About Us

At Empire State Youth Orchestras (ESYO), we believe in music and its power . . .
  • to guide young musicians in developing skills and creative ways of thinking
  • to inspire kids to focus, work hard, and work as a team to achieve excellenceSax players
  • to create community by crossing cultural, social, and economic divisions
  • to transform lives for the better

The ESYO Experience

Empire State Youth Orchestras’ mission is to challenge and inspire young people to achieve excellence in music through intensive instruction and high level performance opportunities.

Cellos Each season, more than 320 talented musicians, ages 9-18, from the greater Capital Region of New York and western New England, enjoy outstanding educational and performance opportunities as members in one or more of ESYO’s two full orchestras, wind orchestra, string ensemble, two jazz ensembles, and three percussion ensembles. With approximately thirty public performances each season, ESYO musicians experience the joy of playing in a variety of venues including Troy Savings Bank Music Hall, the Massry Center, Arthur Zankel Music Center, and even Carnegie Hall. ESYO’s Youth Orchestra has toured Europe four times and, in 2012, performed by invitation at the World Expo in Yeosu, South Korea, as well as at major concert halls in Beijing and Shanghai, China. Our ensembles have performed in festivals,  on NPR’s “From the Top,” and had exchanges with other youth music groups.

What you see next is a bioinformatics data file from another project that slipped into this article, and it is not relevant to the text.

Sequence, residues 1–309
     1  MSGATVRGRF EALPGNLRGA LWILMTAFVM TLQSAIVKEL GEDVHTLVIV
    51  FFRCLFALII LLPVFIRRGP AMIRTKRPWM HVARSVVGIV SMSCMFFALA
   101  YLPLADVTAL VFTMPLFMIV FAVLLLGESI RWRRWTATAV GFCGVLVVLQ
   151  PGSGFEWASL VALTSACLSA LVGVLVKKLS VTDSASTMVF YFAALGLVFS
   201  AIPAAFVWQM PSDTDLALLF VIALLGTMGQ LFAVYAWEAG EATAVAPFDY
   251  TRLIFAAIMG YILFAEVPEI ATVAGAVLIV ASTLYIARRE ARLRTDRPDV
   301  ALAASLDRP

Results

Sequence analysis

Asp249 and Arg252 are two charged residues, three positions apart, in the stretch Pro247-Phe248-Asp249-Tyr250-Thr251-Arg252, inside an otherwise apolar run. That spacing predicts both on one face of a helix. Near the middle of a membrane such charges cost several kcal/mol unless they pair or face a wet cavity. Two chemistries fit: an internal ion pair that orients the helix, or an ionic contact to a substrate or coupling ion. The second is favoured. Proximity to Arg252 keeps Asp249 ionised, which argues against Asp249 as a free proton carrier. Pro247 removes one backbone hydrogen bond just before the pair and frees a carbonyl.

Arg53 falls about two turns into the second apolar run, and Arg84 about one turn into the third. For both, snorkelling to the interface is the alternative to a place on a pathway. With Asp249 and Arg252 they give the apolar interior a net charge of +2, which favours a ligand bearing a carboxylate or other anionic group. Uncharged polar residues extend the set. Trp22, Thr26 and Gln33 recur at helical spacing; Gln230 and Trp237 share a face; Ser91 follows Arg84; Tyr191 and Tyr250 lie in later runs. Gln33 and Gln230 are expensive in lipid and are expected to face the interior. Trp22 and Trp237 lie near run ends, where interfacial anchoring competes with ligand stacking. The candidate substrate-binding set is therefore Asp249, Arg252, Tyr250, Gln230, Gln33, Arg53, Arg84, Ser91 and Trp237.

ESYO’s programming ensures that our musicians are exposed to a broad YPC blue section
range of music to form a solid musical foundation which is particularly important for those students who want to continue in music in college and beyond. As a result, our concerts feature masterworks as well as music from living composers. ESYO has commissioned music from composers such as Samuel Adler, Hilary Tann, Dan Cooper, Jin Hi Kim, Grammy-winning Bill Cunliffe, and Michael Davis, which allows our musicians to be a part of the creative process as they work with the composer in rehearsal and bring a musical idea to life in a performance. In 2008, ESYO was awarded a $100,000 grant from the New York State Music Fund at Rockefeller Philanthropy Advisors that helped support the “New Music for a New Generation” festival, at which commissioned works from nine separate composers were premiered, one by each of ESYO’s ensembles. In that same year, ESYO was awarded the American Society of Composers, Authors and Publishers (ASCAP) Youth Orchestra Award for Adventurous Programming of Contemporary Music, as well as the ASCAP award for American Programming on Foreign Tours. During that tour, Samuel Adler accompanied the musicians to introduce the European premieres of his work, A Bridge to Understanding, commissioned by ESYO for the 2008 festival. In 2011 ESYO was accorded another award for Adventurous Programming from ASCAP.

Working with professional musicians goes beyond the weekly rehearsals and coaching sessions; ESYO musicians have taken advantage of master classes and visits from guest artists such as Boston Brass Quintet, Hyperion Quartet, ESYO alum Gary Wicks from Manhattan Transfer, Benjamin Zander, Alan Vizutti, and “Blue” Lou Marini. Collaborations with other arts organizations such as Albany Symphony Orchestra and Albany Pro Musica enhance the ESYO Experience.